- This isn't really such a strange thing for America, though. Puritan missionaries in what became the United States started stretching the idea of 'women's roles' to allow for leadership in the church, and much of what people believe about Puritans and both sex and gender was actually more correctly ascribed to Victorians, particularly those who were British and upper-class. On the other hand, the first woman presidential candidate was placed on official ballots in the United States for the 1884 and 1888 elections. (This would be Belva Ann Lockwood.)
- The Diricawl◊ doesn't look much like a real dodo. Is this a case of Artistic License Ornithology? Maybe, but it could also be that the memories of Muggles have been tampered with after the bird's apparent extinction, to make the dodo seem more "ordinary" to them.
- The idea that Obscurials form from abuse and the suppression of magical powers explains some Fridge Logic of Harry Potter and the Philosopher's Stone. Why would Hogwarts go through the trouble of literally flooding the Dursley house with letters telling Harry that he's been accepted to Hogwarts? Because the wizarding world, and especially Albus Dumbledore, know exactly how dangerous it is to have someone suppress their powers. Furthermore, if he had even the slightest idea of the abuse Harry was going through, and how powerful Harry is, he knew that they had to get him into school or else it could end horribly for Harry and everyone around him.
- It also suggests that there's another reason why Mrs. Figg the Squib was assigned to live near the Dursleys and act as Harry's babysitter. You can bet that all the times she was showing him photos of her cats, she was keeping an eye on his reactions to being frustrated, just in case any signs of repressed power roiling inside him became evident.
- In this movie, wizards and witches use their magic much more freely, and in more extravagant ways, like rebuilding houses, creating domed shields for containment, and sometimes rebuilding entire street blocks, than compared to the original 8 movies. This is because this takes place in the 1920's, where the Internet, social media, personal phones, and phone cameras haven't been invented yet, so wizards and witches can practice magic more freely because sightings are much easier to contain. The comparatively subdued nature of the Harry Potter series proper probably comes from a gradual change in wizarding society that toned down public displays of magic as cameras became more widespread and smaller.
- As Smilin' Jack said about another Masquerade: "We're living in the age of camera cell-phones. [Screw]-ups ain't tolerated."
- The film can be criticized a bit for the fact that Graves sentences Tina and Newt to death and the sentence is almost carried out within the hour, which to us seems ridiculously quick given that death sentences in the real world take years, even decades, especially since it was on the orders of one man with little evidence and no trial. However, this movie shows that MCUSA is in a bit of crisis with the Obscurial loose, and is naturally quick to deal with things, hence their extremely fast reaction to Credence running loose in the city, mobilizing dozens of Aurors in minutes, and putting up a protective shield to keep Credence contained (as much good as that did).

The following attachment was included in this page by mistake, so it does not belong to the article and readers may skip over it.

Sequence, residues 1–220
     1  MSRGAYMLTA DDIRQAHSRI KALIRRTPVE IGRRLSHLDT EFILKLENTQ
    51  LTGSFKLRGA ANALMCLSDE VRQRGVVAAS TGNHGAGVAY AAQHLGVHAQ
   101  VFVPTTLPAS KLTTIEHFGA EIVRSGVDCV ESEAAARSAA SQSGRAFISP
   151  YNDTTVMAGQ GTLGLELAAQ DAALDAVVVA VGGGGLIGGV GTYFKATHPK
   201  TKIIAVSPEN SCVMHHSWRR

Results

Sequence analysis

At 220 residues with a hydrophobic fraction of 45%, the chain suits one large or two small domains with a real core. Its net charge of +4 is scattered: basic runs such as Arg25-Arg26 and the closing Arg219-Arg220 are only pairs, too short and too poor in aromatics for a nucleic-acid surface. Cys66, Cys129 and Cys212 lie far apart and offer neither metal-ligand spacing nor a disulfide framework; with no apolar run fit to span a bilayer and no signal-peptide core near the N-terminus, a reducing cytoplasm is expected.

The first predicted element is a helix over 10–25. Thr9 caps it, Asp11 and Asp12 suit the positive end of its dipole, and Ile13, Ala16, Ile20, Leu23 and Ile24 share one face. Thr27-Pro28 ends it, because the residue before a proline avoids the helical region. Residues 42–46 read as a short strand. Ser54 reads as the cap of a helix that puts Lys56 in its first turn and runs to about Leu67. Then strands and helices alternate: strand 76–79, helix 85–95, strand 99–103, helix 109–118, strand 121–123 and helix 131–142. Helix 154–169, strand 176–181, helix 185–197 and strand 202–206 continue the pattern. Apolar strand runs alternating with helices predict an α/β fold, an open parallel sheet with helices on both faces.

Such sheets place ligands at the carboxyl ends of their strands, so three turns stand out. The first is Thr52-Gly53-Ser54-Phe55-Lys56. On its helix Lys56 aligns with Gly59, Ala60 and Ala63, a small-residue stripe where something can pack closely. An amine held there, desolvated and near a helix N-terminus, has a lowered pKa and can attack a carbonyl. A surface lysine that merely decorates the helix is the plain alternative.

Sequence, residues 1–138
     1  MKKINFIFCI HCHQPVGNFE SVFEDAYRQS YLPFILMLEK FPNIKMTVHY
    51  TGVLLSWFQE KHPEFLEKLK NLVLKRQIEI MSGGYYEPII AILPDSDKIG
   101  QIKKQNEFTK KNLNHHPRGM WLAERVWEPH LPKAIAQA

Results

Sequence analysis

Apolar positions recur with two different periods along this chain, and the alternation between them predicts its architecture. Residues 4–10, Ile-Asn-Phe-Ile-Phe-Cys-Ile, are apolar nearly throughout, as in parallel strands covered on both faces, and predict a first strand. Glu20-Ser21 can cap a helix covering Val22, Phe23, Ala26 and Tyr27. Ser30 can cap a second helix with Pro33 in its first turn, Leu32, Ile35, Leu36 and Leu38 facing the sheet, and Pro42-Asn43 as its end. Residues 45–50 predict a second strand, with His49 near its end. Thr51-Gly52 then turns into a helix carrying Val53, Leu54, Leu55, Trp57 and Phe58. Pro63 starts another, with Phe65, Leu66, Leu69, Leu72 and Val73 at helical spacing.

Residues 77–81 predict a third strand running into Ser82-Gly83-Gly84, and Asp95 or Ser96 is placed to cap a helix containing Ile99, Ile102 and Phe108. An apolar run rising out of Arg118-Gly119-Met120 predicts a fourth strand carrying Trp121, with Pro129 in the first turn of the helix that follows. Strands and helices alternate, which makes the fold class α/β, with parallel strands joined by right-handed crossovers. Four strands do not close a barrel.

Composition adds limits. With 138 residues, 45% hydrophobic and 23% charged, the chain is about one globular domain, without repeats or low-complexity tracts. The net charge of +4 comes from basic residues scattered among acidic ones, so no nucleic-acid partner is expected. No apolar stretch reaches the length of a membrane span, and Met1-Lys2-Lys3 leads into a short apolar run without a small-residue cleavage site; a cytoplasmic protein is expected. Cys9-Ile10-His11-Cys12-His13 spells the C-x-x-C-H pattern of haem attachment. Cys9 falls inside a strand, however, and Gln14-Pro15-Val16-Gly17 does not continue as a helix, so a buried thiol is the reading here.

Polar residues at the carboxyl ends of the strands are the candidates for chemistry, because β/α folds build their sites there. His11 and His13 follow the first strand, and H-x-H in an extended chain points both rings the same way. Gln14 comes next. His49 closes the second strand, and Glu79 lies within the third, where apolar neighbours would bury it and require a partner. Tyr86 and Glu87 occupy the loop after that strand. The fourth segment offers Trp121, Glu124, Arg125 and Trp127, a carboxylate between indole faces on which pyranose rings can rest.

- This movie outlines how MCUSA's method of moving quickly on problems contrasts with the Ministry of Magic's slower approaches in the Harry Potter movies. In the movies and books, the M.O.M. is shown as feckless and useless, focusing on covering up Voldemort's actions rather than acting. MCUSA instead focuses on solving the problem, with cleanup/secrecy as a secondary consideration. On the one hand, this mentality of "shoot first ask questions later" can lead to needless death, which could be another explanation for why Graves thinks he can get away with sentencing two people to death under false terms, and is why they end up killing Credence (or so they think) despite Mr. Scamander telling them that he could stop him. On the other hand, despite the fact that they had to kill a child, MCUSA contained the problem and kept him from hurting more people, which, if Newt wasn't there, would've been their only option, so their methods, while brutal, are effective. Furthermore, when Graves looks like he's going off of the deep end, they avert Why Don't You Just Shoot Him?, and try to take him in (well, they try to take him in; if it wasn't for Mr. Scamander, Grindelwald likely would've killed them all, but that wasn't for lack of effort on MCUSA's part).
- This movie might be why the Ministry is so ineffective in the books and movies. After such a fiasco that nearly blows the lid on the wizarding world, they probably realized that they need to spend more effort on hiding problems from the Muggles rather than just taking care of problems. Unfortunately, the Ministry takes this a step too far, with Fudge hiding problems from his own people too to save his skin politically.
- The sudden appearance of Credence's Obscurus a month before is because he was Obliviated after Tina attacked Mary Lou for abusing him. He controlled the Obscurus until then, but after forgetting about it, he became unable to control it and unleashed it upon New York.
- The very high level of physical demonstrativeness that Graves displays towards Credence. If Grindelwald was as touchy-feely with Dumbledore then it makes even more sense that the latter became so infatuated. We do not know a great deal about how wizarding society has treated homosexuality down the centuries. But it is fairly safe to say that in the 19th Century, this kind of behavior would be regarded as a romantic overture.